The effects of deep brain stimulation amplitude on motor performance in Parkinson's disease

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The efficacy of deep brain stimulation (DBS) in Parkinson's disease (PD) has been convincingly demonstrated in studies that compare motor performance with and without stimulation, but characterization of performance at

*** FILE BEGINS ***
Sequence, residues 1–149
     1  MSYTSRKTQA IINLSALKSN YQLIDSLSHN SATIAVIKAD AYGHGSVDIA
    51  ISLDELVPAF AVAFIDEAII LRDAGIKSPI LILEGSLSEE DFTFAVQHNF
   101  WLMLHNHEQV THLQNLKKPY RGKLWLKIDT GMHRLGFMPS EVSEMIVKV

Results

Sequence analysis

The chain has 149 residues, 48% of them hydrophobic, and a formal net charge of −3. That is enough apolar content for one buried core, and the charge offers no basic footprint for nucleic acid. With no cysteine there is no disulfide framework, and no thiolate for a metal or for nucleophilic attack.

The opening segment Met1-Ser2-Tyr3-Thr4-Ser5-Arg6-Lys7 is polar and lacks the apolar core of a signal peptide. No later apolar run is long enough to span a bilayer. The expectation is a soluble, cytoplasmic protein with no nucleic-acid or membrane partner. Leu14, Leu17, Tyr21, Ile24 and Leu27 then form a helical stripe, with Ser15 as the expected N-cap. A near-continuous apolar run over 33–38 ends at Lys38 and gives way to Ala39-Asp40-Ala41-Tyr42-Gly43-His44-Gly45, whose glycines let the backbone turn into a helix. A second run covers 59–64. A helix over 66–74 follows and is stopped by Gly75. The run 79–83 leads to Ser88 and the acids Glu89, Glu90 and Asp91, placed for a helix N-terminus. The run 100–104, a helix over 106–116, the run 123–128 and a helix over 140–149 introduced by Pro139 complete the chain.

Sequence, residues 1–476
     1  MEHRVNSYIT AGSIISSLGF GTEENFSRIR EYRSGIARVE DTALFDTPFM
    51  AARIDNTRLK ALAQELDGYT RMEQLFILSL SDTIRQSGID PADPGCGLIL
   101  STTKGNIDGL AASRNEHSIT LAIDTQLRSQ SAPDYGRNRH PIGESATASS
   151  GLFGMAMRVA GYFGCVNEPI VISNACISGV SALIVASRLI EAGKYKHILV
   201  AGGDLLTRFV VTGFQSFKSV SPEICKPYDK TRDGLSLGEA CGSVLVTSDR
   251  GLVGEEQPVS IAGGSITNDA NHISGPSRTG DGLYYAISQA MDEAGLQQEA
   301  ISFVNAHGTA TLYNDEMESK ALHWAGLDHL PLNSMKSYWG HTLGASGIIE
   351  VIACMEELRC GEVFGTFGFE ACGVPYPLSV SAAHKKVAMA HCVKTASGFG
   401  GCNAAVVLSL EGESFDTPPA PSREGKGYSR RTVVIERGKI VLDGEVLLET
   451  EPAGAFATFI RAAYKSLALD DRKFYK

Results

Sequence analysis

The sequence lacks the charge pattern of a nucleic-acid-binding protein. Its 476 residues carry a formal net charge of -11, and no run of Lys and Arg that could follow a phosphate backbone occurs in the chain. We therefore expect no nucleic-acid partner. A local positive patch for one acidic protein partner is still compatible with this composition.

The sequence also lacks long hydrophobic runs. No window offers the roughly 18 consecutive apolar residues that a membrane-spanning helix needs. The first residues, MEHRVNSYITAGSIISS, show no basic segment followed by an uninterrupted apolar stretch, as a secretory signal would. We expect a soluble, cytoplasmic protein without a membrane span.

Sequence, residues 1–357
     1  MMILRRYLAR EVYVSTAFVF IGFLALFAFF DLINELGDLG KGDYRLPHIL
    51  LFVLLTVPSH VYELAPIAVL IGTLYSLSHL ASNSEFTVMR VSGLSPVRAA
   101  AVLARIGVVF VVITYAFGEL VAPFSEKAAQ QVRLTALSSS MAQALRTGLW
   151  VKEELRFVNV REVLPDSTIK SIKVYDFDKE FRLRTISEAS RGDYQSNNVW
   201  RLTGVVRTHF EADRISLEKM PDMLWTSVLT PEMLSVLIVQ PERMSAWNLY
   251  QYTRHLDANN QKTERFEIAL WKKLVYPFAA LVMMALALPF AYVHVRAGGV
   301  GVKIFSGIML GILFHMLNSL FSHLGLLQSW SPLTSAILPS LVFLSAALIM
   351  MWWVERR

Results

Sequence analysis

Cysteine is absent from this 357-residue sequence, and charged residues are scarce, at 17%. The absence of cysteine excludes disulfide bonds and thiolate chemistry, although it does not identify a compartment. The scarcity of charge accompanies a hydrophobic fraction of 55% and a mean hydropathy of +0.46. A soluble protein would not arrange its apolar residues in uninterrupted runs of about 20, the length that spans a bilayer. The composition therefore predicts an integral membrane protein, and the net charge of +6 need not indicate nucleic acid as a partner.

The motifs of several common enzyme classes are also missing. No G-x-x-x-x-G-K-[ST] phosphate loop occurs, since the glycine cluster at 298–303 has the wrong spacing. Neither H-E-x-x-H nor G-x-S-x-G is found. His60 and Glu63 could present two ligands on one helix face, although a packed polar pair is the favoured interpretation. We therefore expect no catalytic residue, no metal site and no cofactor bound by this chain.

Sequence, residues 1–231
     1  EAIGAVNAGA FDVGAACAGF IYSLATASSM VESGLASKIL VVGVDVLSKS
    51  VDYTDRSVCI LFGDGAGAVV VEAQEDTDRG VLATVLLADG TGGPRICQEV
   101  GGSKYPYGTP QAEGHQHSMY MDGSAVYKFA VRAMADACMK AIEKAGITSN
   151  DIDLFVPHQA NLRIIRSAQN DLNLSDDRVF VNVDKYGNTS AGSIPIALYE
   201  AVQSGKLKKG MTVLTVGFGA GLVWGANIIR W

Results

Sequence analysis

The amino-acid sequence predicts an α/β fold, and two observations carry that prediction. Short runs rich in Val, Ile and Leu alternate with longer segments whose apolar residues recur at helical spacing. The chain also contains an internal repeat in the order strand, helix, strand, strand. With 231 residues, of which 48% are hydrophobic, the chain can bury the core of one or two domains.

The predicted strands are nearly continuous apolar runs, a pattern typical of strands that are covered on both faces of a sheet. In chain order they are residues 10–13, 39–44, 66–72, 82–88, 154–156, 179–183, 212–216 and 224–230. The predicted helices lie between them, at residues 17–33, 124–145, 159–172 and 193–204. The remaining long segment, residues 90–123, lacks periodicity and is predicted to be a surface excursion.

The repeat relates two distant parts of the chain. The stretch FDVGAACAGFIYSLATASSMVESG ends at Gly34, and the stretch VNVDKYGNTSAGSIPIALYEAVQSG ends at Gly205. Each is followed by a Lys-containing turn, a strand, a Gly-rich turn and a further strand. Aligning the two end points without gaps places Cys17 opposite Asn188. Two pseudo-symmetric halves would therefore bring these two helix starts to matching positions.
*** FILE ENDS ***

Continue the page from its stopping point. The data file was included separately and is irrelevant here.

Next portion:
The efficacy of deep brain stimulation (DBS) in Parkinson's disease (PD) has been convincingly demonstrated in studies that compare motor performance with and without stimulation, but characterization of performance at intermediate stimulation amplitudes has been limited. This study investigated the effects of changing DBS amplitude in order to assess dose-response characteristics, inter-subject variability, consistency of effect across outcome measures, and day-to-day variability. Eight subjects with PD and bilateral DBS systems were evaluated at their clinically determined stimulation (CDS) and at three reduced amplitude conditions: approximately 70%, 30%, and 0% of the CDS (MOD, LOW, and OFF, respectively). Overall symptom severity and performance on a battery of motor tasks - gait, postural control, single-joint flexion-extension, postural tremor, and tapping - were assessed at each condition using the motor section of the Unified Parkinson's Disease Rating Scale (UPDRS-III) and quantitative measures. Data were analyzed to determine whether subjects demonstrated a threshold response (one decrement in stimulation resulted in ≥ 70% of the maximum change) or a graded response to reduced stimulation. Day-to-day variability was assessed using the CDS data from the three testing sessions. Although the cohort as a whole demonstrated a graded response on several measures, there was high variability across subjects, with subsets exhibiting graded, threshold, or minimal responses. Some subjects experienced greater variability in their CDS performance across the three days than the change induced by reducing stimulation. For several tasks, a subset of subjects exhibited improved performance at one or more of the reduced conditions. Reducing stimulation did not affect all subjects equally, nor did it uniformly affect each subject's performance across tasks. These results indicate that altered recruitment of neural structures can differentially affect motor capabilities and demonstrate the need for clinical consideration of the effects on multiple symptoms across several days when selecting DBS parameters.